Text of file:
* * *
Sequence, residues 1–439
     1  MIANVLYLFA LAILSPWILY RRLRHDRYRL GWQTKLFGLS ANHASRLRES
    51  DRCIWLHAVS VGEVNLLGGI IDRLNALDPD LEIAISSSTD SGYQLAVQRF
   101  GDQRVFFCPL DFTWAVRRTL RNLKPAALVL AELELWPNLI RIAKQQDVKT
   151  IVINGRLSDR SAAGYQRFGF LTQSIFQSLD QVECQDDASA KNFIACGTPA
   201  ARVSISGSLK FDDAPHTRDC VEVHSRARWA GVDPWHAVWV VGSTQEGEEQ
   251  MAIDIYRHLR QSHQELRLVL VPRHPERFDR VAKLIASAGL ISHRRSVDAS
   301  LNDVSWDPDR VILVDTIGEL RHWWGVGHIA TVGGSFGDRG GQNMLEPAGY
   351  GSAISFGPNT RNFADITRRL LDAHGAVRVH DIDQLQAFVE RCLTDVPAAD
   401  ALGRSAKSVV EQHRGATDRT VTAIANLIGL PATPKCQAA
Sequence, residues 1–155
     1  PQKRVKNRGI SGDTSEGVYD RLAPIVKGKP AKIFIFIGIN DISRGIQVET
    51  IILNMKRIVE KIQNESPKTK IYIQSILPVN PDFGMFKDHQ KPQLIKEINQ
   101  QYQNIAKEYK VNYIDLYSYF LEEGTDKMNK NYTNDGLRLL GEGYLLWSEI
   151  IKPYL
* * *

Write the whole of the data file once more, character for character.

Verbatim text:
Sequence, residues 1–439
     1  MIANVLYLFA LAILSPWILY RRLRHDRYRL GWQTKLFGLS ANHASRLRES
    51  DRCIWLHAVS VGEVNLLGGI IDRLNALDPD LEIAISSSTD SGYQLAVQRF
   101  GDQRVFFCPL DFTWAVRRTL RNLKPAALVL AELELWPNLI RIAKQQDVKT
   151  IVINGRLSDR SAAGYQRFGF LTQSIFQSLD QVECQDDASA KNFIACGTPA
   201  ARVSISGSLK FDDAPHTRDC VEVHSRARWA GVDPWHAVWV VGSTQEGEEQ
   251  MAIDIYRHLR QSHQELRLVL VPRHPERFDR VAKLIASAGL ISHRRSVDAS
   301  LNDVSWDPDR VILVDTIGEL RHWWGVGHIA TVGGSFGDRG GQNMLEPAGY
   351  GSAISFGPNT RNFADITRRL LDAHGAVRVH DIDQLQAFVE RCLTDVPAAD
   401  ALGRSAKSVV EQHRGATDRT VTAIANLIGL PATPKCQAA
Sequence, residues 1–155
     1  PQKRVKNRGI SGDTSEGVYD RLAPIVKGKP AKIFIFIGIN DISRGIQVET
    51  IILNMKRIVE KIQNESPKTK IYIQSILPVN PDFGMFKDHQ KPQLIKEINQ
   101  QYQNIAKEYK VNYIDLYSYF LEEGTDKMNK NYTNDGLRLL GEGYLLWSEI
   151  IKPYL